|No. of Attacks:||3|
|Size:||L (15 long with tail)|
A sea lion is a fearsome creature with the head and forepaws of a lion and the body and tail of a fish.
Combat: Sea lions are ferocious and difficult to deal with. They are very territorial and usually attack anything that enters their domains, no matter what the size. Their vicious teeth and huge paws are a match even for most sharks, which they hate above all other creatures. Sea lions must attack the same opponent with paws and teeth and cannot divide attacks. Any creature hit by both paw attacks in the same round is being mauled. Mauled creatures cannot attack if they have not already done so that round and must roll a successful open doors roll to free themselves. When mauling a creature, the lion follows up with a bite attack with a +4 bonus to the attack roll, causing double damage if successful.
The head of a sea lion, with its thick mane, is treated as AC 5, while the rest of its scaly body is AC 3.
Sea lions are very difficult to raise in captivity, but can become the best and most loyal of steeds. In fact, they are arguably the most powerful mountable creature beneath the waves. They are very useful as guarding and hunting beasts, since their tremendous roar can be heard for up to 10 miles underwater, providing ample time to prepare for an attack or to send help. They are not as skillful swimmers as are sea horses they are the underwater equivalents of Maneuverability Class B creatures.
Habitat/Society: Sea horses and sea lions almost never encounter one another as sea lions prefer to dwell in the shallow coastal regions, while sea horses delve the deeps. This is primarily due to their respective dietary differences. Sea horses eat plankton, while sea lions eat any type of meat, be it a fish, dinosaur, or wandering herd animals caught drinking at the waters edge. Sea lions are not afraid of land and it is not unheard of for sea lions to drag themselves a few dozen yards up the beach in search of meals. While these attacks are rare indeed, the reports of sea lions in the vicinity does tend to foster more fear among the general populace than a simple shark attack does. But in a world of krakens, dinosaurs, and vampires, sea lions are a relatively minor threat.
Sea lions roam the seas in packs, what might be called a pride of lions on land. The strongest one (usually with maximum hit points) is the leader. In a sea lion pack, both sexes hunt and care for young, but the males are superior hunters, something that differentiates them from their land-based cousins.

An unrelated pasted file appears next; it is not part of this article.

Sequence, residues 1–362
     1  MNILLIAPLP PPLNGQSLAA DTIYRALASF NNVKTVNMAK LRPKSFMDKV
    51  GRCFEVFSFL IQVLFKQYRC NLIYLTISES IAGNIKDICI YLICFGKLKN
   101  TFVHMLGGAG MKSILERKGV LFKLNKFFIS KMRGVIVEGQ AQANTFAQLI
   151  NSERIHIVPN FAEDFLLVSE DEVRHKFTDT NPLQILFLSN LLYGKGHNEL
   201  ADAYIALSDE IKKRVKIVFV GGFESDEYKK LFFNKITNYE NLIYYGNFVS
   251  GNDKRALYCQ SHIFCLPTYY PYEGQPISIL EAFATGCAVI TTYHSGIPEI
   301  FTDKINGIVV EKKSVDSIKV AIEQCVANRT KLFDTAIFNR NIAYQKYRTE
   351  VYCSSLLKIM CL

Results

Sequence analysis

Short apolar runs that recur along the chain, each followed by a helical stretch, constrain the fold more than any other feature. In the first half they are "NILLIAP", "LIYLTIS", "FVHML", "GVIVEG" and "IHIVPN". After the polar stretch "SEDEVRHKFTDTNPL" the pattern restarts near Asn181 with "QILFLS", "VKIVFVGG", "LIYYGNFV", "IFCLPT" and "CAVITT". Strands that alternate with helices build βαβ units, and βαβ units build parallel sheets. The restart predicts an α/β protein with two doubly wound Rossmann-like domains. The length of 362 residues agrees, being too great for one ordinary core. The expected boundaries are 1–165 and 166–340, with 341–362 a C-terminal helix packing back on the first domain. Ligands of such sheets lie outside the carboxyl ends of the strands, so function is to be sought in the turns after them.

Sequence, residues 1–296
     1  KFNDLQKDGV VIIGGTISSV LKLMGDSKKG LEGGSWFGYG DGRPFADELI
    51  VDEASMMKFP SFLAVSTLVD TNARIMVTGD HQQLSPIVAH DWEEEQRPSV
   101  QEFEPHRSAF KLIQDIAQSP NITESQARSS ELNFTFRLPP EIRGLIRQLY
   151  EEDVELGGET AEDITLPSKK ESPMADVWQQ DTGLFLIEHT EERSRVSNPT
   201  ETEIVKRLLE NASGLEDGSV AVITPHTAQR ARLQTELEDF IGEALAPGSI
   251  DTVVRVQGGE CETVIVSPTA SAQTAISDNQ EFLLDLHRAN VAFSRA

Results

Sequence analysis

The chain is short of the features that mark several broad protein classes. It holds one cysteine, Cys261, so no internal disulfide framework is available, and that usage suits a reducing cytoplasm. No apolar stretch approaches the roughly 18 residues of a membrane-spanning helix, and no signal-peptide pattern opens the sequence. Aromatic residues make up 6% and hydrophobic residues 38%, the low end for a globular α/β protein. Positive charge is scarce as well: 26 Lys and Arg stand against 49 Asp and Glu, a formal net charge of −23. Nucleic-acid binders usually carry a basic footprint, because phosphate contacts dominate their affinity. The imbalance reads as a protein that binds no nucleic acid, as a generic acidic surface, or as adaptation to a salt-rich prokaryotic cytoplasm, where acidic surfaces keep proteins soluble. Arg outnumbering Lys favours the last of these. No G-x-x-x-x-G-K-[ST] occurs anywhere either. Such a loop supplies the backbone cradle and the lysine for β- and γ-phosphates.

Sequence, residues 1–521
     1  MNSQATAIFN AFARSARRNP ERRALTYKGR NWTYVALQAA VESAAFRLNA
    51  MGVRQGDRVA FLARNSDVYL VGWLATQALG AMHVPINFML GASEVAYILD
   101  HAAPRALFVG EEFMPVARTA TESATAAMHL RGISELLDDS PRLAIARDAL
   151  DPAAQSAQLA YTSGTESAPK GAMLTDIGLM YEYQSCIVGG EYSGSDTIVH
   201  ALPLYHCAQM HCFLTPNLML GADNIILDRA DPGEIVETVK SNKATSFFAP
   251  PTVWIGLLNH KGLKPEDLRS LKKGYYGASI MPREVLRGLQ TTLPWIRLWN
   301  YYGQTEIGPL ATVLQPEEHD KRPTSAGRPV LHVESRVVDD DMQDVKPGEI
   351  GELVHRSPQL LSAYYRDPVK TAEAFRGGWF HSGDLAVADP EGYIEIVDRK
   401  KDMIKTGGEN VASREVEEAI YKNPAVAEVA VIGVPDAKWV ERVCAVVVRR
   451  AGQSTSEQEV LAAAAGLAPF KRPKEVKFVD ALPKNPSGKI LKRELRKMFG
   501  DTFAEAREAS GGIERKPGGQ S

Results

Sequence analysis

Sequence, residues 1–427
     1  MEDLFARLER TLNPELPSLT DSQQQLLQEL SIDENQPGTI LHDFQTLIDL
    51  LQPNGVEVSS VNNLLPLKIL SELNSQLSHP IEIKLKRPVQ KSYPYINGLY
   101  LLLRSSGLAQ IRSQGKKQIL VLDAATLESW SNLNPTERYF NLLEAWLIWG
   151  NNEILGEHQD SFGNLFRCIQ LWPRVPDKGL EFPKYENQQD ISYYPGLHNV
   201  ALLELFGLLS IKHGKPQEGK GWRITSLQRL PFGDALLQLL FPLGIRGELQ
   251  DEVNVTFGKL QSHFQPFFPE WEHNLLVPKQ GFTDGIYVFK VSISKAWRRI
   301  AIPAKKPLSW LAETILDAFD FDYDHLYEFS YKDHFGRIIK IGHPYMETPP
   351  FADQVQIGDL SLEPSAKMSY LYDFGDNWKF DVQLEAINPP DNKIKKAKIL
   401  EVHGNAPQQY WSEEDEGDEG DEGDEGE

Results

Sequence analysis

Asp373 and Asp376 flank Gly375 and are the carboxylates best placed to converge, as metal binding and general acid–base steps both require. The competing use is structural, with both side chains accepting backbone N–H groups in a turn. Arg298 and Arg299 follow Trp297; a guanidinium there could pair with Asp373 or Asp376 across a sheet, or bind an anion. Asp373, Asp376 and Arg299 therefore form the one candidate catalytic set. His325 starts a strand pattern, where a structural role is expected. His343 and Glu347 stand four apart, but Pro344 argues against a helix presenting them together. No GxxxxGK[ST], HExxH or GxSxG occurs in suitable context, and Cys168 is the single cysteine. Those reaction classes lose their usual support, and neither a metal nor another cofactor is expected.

While sea lions rarely travel anywhere with specific goals in mind, they do sometimes team up to aid other packs of lions, usually when they roam close enough to hear the collective bellowing of their comrades. But territoriality comes into play immediately after the kill is made, and rarely does the reigning leader allow the helpful newcomers to share in the spoils of the victory. Often a new battle for power ensues between the two leaders. If the resident leader wins, the newcomers leave without a taste of meat. If the newcomer wins, he and his pack remain just long enough to take first choice of flesh, and then depart for home. The remaining leader, vanquished and weakened before his peers, rarely lives long enough to enjoy the spoils.
Ecology: Sea lions hate sharks, often going to great lengths to hunt them down. The taste of sharks is apparently abhorrent to sea lions and they always leave the carcass uneaten, so it is something of a mystery why this rivalry exists. Some sages claim that it is the result of conflicts between the lesser deities of nature, but it is more likely two strong predators vying for supremacy of the seas.
Because of the water-proofing qualities of their thick scales, sea lions can remain out of water for up to 24 hours before their gills dry out and become incapable of removing oxygen from the water. If a sea lion is fed a constant source of water into its mouth, it can survive for an entire week before disease enters the cracking scales and starvation takes its toll. It is theoretically possible to keep a sea lion in captivity but, like most aquatic carnivores, the restriction of space is often psychologically too much for the creature and death slowly takes the once-proud beast.
Last Modified: January 28, 2014, 13:25:46 GMT
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